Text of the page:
We recommend a more customized and blended approach. Yes, on-demand learning is a great start but make room to incorporate just-in-time learning, SME (Subject-Matter-Expert) small-group learning, reporting, and trouble-shooting courseware as well. This is more practical for everyday needs and SME’s can also be defined to answer difficult and one-off questions at go-live.

5. Having no separate testing environment

This was shocking the first time we saw this with our clients, but we see it all the time now. Many cloud vendors have told clients that there is no real reason to use a testing environment (or training environment) because of the way their technology works and the fact that they configure in production and therefore test in production. While in theory this seems somewhat logical, it only works if a big bang implementation is planned.   However, big bang may not feasible for your business. So, a phased implementation means that configuration is changing in a production environment and is being tested there as well. The risks are significant.

At one client, a configuration change was made to a global setting as part of testing and 250 people were overpaid in a live location! And yes, the project team felt the brunt of that issue. Be thoughtful about your implementation plan and tell your vendor that you not only want a testing/staging environment, but that you will pay a nominal fee for it as well. It may cost a few hundred dollars, but it will be well worth your investment.

6. Assuming current staff have the skills and time needed to implement on their own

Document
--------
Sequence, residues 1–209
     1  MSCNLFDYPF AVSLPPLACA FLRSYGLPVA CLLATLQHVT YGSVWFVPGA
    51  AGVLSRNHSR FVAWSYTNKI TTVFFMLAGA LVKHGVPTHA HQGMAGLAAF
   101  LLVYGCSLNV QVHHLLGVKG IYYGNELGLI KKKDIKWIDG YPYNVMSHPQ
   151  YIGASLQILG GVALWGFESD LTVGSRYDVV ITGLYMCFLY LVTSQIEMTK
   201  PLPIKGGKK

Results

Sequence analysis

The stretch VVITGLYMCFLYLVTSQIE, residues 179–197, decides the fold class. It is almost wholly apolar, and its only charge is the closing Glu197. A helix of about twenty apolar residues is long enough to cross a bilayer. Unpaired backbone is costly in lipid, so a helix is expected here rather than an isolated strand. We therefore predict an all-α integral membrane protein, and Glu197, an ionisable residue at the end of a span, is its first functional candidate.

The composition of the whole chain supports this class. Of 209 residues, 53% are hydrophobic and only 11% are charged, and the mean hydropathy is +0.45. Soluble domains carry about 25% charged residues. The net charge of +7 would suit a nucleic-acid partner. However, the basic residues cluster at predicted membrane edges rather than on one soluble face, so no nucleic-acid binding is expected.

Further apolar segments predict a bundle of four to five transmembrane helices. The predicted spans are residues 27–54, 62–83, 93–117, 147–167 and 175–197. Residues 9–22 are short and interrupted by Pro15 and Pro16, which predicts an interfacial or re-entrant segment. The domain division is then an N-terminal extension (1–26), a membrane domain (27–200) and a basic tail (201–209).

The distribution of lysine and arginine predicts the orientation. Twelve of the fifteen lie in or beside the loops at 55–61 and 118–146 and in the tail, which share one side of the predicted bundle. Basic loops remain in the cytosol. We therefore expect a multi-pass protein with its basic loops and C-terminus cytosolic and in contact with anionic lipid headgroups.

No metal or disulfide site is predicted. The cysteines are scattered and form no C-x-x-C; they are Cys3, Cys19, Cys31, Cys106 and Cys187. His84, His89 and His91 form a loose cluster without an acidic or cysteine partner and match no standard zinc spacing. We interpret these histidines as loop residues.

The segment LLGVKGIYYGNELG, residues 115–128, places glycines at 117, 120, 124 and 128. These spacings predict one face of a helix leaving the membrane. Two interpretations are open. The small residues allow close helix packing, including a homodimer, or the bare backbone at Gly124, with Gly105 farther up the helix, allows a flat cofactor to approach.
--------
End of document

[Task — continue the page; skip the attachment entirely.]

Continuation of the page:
There is no doubt that your staff will learn a lot during this process. However, in most organizations, a payroll or HRIS staff does not implement new software more than a few times in an entire career. We’ve seen some of our clients seriously underestimate the skills and time required, which has caused not only implementation problems but also credibility issues in the organization.

Start early with identifying the skills required and develop a formal development plan for your staff so you are equipping them along the way. Also, be mindful that an implementation is a full-time job— just adding it to your teams’ plates is not healthy for them or the program. Plan to bring in people that have done this work repeatedly; their experience can provide a more objective stance to advocate for you with the vendor, equip your team, and ensure that the big barriers to success are identified and mitigated.  It’s likely not as expensive as you might think, and you will not only sleep better, your team and sponsor will thank you for it.

7. Lacking a strong internal business sponsorship

We have yet to meet a CHRO that does not understand the need for strong sponsorship; and they are often the sponsors that these implementations need. However, it goes beyond the CHRO as well. The most successful implementations have CEO and COO sponsorship too. Let’s face it, the COO owns most of the people that will be impacted in the organization, and when he/she comes out in support of the program, people tend to listen. Aligning this sponsorship support and making it visible and active is critical to successful adoption and program credibility. Your OCM leader should be helping you achieve this alignment and visible support.

A successful cloud-based HRIS program can be a career builder and is often a huge step for most companies. With a thoughtful and experienced team, these programs are highly valued by organizations as they make it possible for operational leaders to run their businesses more effectively by having more transparent data like labor dollars, scheduling, and headcount at their fingertips. It also allows HR Leaders to share critical people data to assist the business in making faster and better business decisions. However, these programs can also become very complex and are usually emotionally charged. Take the time to build the right strategy that fits your organization’s goals and culture. A strategy that incorporates aligned sponsorship, strong OCM, dedicated skilled resourcing, business process focus, relentless testing processes, and customized just-in-time training will help you and your teams’ succeed.